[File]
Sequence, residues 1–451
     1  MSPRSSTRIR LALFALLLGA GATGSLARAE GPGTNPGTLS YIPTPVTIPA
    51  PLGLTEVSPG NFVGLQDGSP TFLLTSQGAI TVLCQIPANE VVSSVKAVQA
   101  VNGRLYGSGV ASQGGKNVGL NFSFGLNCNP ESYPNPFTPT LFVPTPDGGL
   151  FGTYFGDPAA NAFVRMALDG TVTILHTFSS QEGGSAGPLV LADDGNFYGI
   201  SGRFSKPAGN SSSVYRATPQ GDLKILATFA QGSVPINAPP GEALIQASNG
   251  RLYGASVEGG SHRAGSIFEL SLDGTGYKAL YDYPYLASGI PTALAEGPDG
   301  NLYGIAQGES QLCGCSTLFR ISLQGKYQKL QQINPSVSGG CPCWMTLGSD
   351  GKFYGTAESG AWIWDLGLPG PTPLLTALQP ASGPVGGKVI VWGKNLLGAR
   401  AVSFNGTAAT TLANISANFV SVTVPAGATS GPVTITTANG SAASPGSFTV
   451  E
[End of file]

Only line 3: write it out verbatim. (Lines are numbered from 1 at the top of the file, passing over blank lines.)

    51  PLGLTEVSPG NFVGLQDGSP TFLLTSQGAI TVLCQIPANE VVSSVKAVQA